That got me to my destination. “Chungking Mansions” is basically a lie. There is no mansion, just an entryway into an older 15 story building with a warren of money exchanges and tiny shops selling clothing, food, watches, electronics, groceries, sundries, and cheap Chinese crap. The place was packed with all of the aforementioned ethnic mix, plus a few white travelers. There was the lift, with a line and a guy controlling the whole thing. It was a tiny thing that crawled along, I made the overload alarm go off when I got on, so had to wait for it to make the slow ascent to the 15th floor, then back down again. The “hotel” is a low ceilinged place that’s pretty clean and has really friendly Chinese owners. The lady offered me an upgrade to a room with a bathroom for only another 100 HKD for the three nights so I took it. She also let me use her phone to call home since my cell phone doesn’t call out in Hong Kong.
My room was more like a cell, about 1 ½ by 2 meters with a comfy single bed, dinky TV, deskette, A.C., and a closet like bathroom. The bathroom is really a shower with a sink and toilet in it, a really cramped version of most Chinese bathrooms, except for the western toilet. A mirrored window opened to a black three foot gap to the next building. However, it was clean and quiet. Much to my delight, the shower gave a powerful blast of hot water, so I washed the travel grime and stress away, then went out for some chow. Exploration of the downstairs warren revealed all kinds of commerce and lots of different Indian and mid east eateries. I got some curried lamb with saffron rice that was pretty good. I wandered around the neighborhood outside. There were lots of people and umbrellas to negotiate. There are also lots of touts trying to sell watches, massages and tailors. Best to totally ignore the touts. I mostly got hit up for tailors. Were they trying to tell me something? I headed back to the mansion’s caverns, and took in the culture. Lots of the shops were staffed with non Chinese, probably Muslim owned, since most of the fridges had juice and soda only. A few touts were in there, too, including one offering hashish. I opted for a couple of cold San Miguel pilsners and headed up the lift to unwind in my nook.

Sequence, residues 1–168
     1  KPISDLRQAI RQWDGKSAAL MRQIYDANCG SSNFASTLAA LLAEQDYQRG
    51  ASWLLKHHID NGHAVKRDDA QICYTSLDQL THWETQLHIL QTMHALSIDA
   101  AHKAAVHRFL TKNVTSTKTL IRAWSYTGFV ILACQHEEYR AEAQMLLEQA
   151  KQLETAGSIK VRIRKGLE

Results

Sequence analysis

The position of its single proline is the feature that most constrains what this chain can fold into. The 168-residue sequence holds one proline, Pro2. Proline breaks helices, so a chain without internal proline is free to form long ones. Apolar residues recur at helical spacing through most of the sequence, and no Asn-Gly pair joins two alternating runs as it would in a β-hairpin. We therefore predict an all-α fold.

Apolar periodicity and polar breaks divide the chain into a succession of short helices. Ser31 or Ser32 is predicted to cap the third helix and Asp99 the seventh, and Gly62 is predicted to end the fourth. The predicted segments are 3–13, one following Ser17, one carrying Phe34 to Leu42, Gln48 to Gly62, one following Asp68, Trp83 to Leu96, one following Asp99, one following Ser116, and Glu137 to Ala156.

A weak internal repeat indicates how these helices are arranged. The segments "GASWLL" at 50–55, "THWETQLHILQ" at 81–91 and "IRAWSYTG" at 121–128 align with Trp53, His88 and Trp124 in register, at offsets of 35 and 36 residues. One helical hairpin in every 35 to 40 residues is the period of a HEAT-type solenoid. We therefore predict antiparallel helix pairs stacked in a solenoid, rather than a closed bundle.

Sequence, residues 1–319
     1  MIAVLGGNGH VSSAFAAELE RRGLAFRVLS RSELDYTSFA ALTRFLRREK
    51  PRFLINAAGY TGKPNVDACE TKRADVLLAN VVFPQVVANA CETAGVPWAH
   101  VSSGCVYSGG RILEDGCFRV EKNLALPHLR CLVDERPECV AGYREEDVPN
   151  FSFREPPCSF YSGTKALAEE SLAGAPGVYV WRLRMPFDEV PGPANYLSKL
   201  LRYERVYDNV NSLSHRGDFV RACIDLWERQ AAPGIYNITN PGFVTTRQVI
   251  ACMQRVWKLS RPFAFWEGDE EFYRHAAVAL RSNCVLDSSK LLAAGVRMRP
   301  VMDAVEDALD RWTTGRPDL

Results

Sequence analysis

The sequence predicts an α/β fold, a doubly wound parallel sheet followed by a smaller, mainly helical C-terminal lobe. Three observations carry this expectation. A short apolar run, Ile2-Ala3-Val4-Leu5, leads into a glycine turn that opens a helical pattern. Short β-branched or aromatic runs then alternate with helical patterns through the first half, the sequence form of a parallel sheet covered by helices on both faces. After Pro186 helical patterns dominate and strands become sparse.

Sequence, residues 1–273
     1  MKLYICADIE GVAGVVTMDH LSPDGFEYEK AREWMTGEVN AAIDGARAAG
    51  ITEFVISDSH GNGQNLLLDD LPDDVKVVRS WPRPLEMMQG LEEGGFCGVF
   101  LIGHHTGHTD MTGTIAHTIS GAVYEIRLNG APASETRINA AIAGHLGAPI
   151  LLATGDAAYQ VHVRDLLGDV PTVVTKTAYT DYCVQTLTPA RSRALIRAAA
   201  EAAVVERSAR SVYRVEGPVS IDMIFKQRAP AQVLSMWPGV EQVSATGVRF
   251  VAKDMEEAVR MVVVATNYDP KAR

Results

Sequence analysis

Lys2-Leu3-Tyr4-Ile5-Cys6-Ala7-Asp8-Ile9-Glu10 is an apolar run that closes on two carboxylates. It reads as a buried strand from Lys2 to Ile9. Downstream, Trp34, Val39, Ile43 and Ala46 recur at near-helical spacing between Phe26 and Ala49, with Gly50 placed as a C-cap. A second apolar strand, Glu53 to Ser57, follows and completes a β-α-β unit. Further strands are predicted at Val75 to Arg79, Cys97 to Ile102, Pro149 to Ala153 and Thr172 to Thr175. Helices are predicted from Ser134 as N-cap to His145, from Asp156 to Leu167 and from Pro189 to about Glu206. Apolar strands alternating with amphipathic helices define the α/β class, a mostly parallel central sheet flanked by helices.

The next morning was chilly and grey. I headed over to Hong Kong island on the metro to deal with the Chinese consulate. It was easy to find and deal with. The key was to get there before opening and beat the crowd. It would be ready the next day.
By 11 I was ready for brunch and a nap. Food is really expensive there, about double the price of the mainland. I got some bread to go with my peanut butter and had a lovely repast. I was really pooped and since my den in the mansion was pitch black with the lights out, I managed to sleep for about 3 ½ hours. Time for some exploring and dinner, but first another high test shower. I found a good noodle and dumpling place with a bowl of noodles with soup and shrimp dumplings for 22 HKD. It’s really easy to spend a lot more eating there. There are a lot of restaurants with food for over 100 and way up. My family of four can have a great restaurant dinner for a 100 RMB at home. (110 RMB is worth roughly 100 HKD.)